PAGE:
Friday, June 1, 2018

The Americans: B's (1 of 4)


A bit more progress on the new American Women Writers list. I've just posted the initial batch of B's here, comprised of 56 more authors, and will be sharing some of the details about them in these four posts.



This batch contains several relatively big names (as well as a couple of big-ish ones that you might recognize). Undoubtedly, the most recognizable name for readers of middlebrow fiction is PEARL S. BUCK, who won the Pulitzer Prize for her perennial bestseller, The Good Earth (1931). I confess I knew almost nothing about Buck beyond that novel, so I was surprised to find that she published more than 40 volumes of fiction in all. 




Buck was born in the U.S., but grew up in China, where her missionary parents spent their lives, and reportedly learned to speak Chinese before she learned English. Her knowledge of China and her love for the Chinese informed much of her fiction, most famously in The Good Earth, the first book of a trilogy about Chinese peasant farmers in the late 19th and early 20th century, which was followed by a well-received film version in 1937 (thoroughly "whitewashed", of course, with white actors playing all the main roles). Sons (1933) and A House Divided (1935) rounded out the trilogy.




Buck received the Nobel Prize in Literature in 1938. Other novels include East Wind: West Wind (1930), This Proud Heart (1938), China Sky (1941), Portrait of a Marriage (1945), Pavilion of Women (1946), The Big Wave (1948), Imperial Woman (1956), The Living Reed (1963), The Time Is Noon (1966), and The Goddess Abides (1972). She published two volumes of memoirs, My Several Worlds: A Personal Record (1954) and A Bridge For Passing (1962). Among other humanitarian efforts, Buck co-founded the first international adoption agency to place Asian orphans with white and other non-Asian families. Her literary work has been praised for its sensitivity by Asian and Asian-American authors including Anchee Min, whose novel Pearl of China (2010) is about Buck.



Next comes the biggest name among more literary authors on my list. DJUNA BARNES is considered one of the major forces of American Modernism, particularly owing to her 1936 novel Nightwood. Inspired in part by Barnes's tormented love affair with American sculptor Thelma Wood, the novel combines autobiographical details of Barnes's time in Paris, formal experimentation, dark humor, and poetry. Most readers either love it or hate it—I'm one of the former, but wouldn't recommend it lightly unless you love a challenge!

Djuna Barnes passport photo


Several of her earlier one-act plays had been produced by Eugene O'Neill's Provincetown Players, and her first major publication was A Book (1923), a collection of short stories, poems, plays, and drawings (an expanded edition appeared as A Night Among the Horses and the stories alone were later reissued under the title Spillway). One of her most widely read works is Ladies Almanack (1928), a humorous roman à clef about the Paris salon of Natalie Barney (who will appear in one of my other B posts), consisting of numerous prominent lesbian artists and intellectuals.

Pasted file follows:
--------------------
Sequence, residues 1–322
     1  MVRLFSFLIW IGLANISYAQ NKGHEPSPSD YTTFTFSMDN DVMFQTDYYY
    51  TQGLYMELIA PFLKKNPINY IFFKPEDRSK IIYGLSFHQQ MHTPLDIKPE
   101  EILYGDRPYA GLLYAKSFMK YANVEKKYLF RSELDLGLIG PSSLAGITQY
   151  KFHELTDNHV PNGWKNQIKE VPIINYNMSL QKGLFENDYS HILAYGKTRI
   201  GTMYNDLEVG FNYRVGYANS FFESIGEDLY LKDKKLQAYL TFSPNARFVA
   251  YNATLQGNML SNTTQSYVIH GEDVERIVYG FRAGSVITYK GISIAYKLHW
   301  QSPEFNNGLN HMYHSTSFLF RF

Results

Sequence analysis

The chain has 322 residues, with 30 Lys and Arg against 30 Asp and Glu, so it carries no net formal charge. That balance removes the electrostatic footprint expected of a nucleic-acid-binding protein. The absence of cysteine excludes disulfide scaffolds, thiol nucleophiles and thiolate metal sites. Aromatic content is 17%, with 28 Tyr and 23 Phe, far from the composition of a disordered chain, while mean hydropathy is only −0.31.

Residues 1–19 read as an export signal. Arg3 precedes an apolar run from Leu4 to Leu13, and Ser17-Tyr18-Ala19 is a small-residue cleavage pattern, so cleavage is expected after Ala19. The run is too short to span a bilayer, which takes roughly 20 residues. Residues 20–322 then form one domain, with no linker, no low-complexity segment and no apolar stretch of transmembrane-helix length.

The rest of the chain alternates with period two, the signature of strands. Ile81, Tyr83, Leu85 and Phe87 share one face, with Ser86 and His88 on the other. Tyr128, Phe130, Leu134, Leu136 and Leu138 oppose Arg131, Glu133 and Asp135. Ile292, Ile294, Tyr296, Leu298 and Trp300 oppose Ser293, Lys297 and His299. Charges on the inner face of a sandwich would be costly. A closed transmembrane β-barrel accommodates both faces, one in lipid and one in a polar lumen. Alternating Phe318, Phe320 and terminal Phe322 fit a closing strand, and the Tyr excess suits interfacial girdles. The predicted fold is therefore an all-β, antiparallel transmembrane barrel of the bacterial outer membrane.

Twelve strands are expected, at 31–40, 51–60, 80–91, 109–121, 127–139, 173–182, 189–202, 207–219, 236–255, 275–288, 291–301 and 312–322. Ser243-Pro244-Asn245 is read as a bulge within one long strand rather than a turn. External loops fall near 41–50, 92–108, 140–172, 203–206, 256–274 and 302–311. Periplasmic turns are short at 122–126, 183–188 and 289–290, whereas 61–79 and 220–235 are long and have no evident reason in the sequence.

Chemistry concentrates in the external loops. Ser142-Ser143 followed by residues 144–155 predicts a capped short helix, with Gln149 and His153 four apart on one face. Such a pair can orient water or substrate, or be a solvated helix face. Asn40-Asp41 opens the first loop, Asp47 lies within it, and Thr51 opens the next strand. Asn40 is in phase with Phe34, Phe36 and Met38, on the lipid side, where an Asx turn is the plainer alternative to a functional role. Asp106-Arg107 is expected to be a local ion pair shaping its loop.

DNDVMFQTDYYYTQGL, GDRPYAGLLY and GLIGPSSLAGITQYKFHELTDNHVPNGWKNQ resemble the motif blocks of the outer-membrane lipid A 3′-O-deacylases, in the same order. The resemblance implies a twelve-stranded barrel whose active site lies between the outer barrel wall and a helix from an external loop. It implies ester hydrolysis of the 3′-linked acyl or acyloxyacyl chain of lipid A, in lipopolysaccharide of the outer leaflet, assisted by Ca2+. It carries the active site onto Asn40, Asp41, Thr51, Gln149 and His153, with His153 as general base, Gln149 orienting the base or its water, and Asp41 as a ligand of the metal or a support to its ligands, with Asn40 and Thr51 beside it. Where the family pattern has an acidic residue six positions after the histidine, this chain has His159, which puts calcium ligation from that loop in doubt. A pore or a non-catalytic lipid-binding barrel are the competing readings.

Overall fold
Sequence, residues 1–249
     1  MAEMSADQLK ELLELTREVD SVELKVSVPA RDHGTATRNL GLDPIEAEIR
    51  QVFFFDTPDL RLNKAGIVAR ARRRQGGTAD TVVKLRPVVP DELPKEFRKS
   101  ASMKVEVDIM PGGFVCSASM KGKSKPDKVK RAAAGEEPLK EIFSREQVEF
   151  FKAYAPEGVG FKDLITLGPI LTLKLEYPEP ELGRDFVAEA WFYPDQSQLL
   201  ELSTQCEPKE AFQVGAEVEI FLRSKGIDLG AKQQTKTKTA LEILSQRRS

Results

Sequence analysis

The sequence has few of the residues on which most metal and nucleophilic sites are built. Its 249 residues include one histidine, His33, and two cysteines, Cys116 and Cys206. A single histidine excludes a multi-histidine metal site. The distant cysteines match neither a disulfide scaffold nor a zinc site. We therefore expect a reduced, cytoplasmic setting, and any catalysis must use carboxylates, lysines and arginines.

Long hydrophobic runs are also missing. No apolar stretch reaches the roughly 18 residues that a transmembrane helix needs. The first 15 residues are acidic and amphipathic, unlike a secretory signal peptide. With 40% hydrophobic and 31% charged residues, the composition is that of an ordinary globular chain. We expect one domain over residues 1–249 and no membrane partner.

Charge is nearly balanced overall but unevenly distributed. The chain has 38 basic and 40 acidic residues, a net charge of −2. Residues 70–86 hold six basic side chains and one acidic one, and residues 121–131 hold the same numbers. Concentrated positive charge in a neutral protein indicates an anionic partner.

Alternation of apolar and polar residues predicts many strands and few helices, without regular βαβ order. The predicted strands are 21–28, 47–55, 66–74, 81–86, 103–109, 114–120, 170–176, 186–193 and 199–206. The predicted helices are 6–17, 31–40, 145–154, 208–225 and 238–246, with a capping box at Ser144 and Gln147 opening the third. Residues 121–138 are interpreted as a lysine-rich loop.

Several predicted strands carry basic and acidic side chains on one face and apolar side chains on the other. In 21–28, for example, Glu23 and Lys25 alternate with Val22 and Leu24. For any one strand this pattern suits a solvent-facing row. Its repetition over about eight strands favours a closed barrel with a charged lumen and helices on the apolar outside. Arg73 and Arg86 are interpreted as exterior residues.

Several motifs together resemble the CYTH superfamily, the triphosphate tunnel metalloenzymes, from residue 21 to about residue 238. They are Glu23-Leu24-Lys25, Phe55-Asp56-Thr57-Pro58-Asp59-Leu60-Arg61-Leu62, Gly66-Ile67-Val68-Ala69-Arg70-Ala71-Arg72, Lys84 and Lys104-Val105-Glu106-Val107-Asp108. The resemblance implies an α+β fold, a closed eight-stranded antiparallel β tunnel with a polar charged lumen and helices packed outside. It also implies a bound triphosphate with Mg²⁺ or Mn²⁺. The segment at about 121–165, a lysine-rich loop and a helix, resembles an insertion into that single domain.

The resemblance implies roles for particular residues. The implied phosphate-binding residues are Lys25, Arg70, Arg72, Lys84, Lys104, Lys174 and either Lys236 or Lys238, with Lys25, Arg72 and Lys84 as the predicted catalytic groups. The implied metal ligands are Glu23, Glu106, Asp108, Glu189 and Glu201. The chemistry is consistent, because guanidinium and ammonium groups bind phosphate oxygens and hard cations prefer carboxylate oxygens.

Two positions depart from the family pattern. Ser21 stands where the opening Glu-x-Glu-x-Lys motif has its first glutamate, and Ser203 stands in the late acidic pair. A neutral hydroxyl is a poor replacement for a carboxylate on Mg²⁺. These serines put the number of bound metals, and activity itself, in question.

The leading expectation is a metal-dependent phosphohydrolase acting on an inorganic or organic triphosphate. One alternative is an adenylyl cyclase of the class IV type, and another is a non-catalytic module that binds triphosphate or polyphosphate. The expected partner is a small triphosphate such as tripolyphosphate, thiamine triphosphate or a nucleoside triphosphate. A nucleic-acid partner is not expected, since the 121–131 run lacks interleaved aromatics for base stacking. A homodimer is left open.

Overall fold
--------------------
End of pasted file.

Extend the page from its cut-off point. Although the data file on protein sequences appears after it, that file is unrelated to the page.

Barnes's first novel, Ryder, also appeared in 1928, and became a surprise bestseller because of its scandalous, "mock-Elizabethan" portrayal of Barnes's own unconventional family life. The New York Post Office insisted upon censoring some drawings and text from the novel, and Barnes demanded that asterisks be used in their place to make the gaps obvious (no doubt adding to the popular appeal of the book). After Nightwood in 1936, Barnes largely fell silent, focusing on poetry and producing only one more major work, a play, The Antiphon (1958), a highly poetic, difficult work that makes more explicit use of her family history. Although she has come to be seen as a prominent lesbian figure, she also had important relationships with men, and she herself intriguingly said, "I am not a lesbian. I just loved Thelma."


Jane Bowles

Also on the literary side, though not so difficult to engage with, is JANE BOWLES, who was the wife of prominent novelist Paul Bowles, author of The Sheltering Sky (1949). Bowles was the author of a single highly-praised novel, Two Serious Ladies (1943), which was a Virago reprint and remains in print today. I loved it when a read it years ago, but a re-read is clearly called for. Her output as an author was limited by mental health issues, alcohol and drug use, difficult personal relationships, and major health conditions. She wrote one major play, In the Summer House (1951), which received a lukewarm reception when it was produced in 1954, and a story collection, Plain Pleasures (1966). A "puppet play" called Quarreling Pair was written around 1945, but not published until its appearance in Mademoiselle in 1966. My Sister's Hand in Mine: The Collected Works of Jane Bowles (1978) collected the novel, play, and story collection. In 1989, Virago released Everything Is Nice, which brought together additional stories, plays, fragments of two additional novels, deleted passages from Two Serious Ladies, and several letters. Her selected letters appeared as In the World (1985).



GWENDOLYN BROOKS is also a big name, though not for the most part in the world of fiction. She was one of the major American poets of the 20th century, and the first African-American recipient of the Pulitzer Prize in 1950, for Annie Allen. She also published a single novel, Maud Martha (1953). At least partly autobiographical in content, Maud Martha, set in Brooks' native Chicago, uses short vignettes to tell of the title character's growth from childhood to adulthood, marriage, and motherhood, against a backdrop of racism and personal insecurity.